The Witcher 3: Wild Hunt

Does Morality Really Matter In Games?

by T.J. Denzer October 27, 2015 @ 11:01 AM
Morality is a gray matter, a deep entity, and a thing that doesn't stop at the surface. It's also a subject that video games have played with constantly. Whether it was the evil Dragonlord presenting the hero with a choice to join his side at the end of Dragon Warrior in 1986 or Geralt choosing to sacrifice or save a dear friend in the more recent Witcher 3, video games have been attempting to capture the complexity of moral dilemma as a flexible mechanic for decades. The degree to which a game will go to accomplish that widely varies, but even the highest caliber releases supposedly punctuated by a choice-driven environment face a problem. Have games made choices truly matter? Can games capture the full effect of emotional baggage without sacrificing what makes a game fun? I’m not so sure they have yet.

10 Best Games for Kleptomaniacs

by T.J. Denzer October 21, 2015 @ 11:01 AM
You don't need that tin can do you? How about this crutch? You're not even injured! And come on, what's up with all these cheese wheels? Surely you're not going to eat all of those. There are a ton of games out there that are all about the loot, but "loot" can be a flexible term. There are quite a few games that have players digging through container after container and finding simple cloth or destroyed books with the occasional items that are actually valuable or purposeful. Nonetheless, when videogames have taught us to think that we just might need everything we come across, it's hard to resist temptation to just grab everything we see in every box.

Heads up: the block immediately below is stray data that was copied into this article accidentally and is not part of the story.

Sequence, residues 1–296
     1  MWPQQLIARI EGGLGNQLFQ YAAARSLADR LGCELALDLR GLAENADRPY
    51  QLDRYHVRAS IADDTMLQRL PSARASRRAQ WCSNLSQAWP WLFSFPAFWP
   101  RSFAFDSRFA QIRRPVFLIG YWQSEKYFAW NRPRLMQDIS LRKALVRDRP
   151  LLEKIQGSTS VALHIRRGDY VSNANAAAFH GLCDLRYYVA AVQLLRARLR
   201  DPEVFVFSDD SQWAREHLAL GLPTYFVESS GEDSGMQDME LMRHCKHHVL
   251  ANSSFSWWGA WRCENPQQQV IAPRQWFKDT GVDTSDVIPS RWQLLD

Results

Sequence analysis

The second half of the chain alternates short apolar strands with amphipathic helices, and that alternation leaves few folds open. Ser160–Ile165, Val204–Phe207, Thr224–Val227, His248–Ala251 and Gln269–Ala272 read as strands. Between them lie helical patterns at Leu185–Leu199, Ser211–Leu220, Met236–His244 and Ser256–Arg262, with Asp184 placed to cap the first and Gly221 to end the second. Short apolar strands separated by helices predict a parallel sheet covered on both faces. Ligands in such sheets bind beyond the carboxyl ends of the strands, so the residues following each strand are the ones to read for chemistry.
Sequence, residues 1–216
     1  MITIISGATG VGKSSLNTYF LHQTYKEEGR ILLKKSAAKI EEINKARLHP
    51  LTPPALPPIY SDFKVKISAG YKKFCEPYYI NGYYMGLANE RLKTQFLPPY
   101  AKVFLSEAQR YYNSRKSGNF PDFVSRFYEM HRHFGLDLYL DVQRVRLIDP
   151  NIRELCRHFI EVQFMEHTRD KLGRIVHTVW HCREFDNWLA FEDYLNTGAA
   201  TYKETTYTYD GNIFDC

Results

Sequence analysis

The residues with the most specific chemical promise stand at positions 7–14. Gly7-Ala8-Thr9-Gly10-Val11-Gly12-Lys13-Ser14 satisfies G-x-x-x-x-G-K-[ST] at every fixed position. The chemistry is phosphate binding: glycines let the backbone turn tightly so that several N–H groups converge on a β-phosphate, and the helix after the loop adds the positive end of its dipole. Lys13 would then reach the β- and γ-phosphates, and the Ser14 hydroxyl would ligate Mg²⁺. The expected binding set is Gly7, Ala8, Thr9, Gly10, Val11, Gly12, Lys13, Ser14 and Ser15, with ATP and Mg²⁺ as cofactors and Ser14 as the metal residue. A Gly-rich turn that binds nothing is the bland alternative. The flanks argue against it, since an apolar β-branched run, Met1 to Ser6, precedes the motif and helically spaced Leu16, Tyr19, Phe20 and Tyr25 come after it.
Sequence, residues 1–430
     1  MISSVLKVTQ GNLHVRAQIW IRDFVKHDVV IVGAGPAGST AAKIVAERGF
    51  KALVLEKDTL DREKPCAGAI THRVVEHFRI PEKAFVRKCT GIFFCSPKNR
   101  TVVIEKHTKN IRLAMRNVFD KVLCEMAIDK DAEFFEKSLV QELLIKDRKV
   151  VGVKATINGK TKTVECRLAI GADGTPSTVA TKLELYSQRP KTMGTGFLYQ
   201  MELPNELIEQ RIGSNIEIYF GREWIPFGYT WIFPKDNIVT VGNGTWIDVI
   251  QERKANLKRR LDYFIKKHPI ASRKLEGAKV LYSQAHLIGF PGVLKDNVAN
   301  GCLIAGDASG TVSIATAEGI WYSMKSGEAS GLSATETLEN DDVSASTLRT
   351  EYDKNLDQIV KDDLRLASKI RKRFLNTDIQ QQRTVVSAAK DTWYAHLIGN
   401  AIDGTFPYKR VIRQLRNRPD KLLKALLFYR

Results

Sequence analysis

The Witcher 3: Wild Hunt Review (PlayStation 4)

by Luke Brown May 21, 2015 @ 12:41 PM
CD Projekt Red
The wait was long for CD Projekt Red's third entry in The Witcher series, but it was one that was surely worth it. The Witcher 3: Wild Hunt is a massive and ambitious game, bursting at the seams with content. It's a remarkable adventure, though one marred ever so slightly by its fair share of flaws.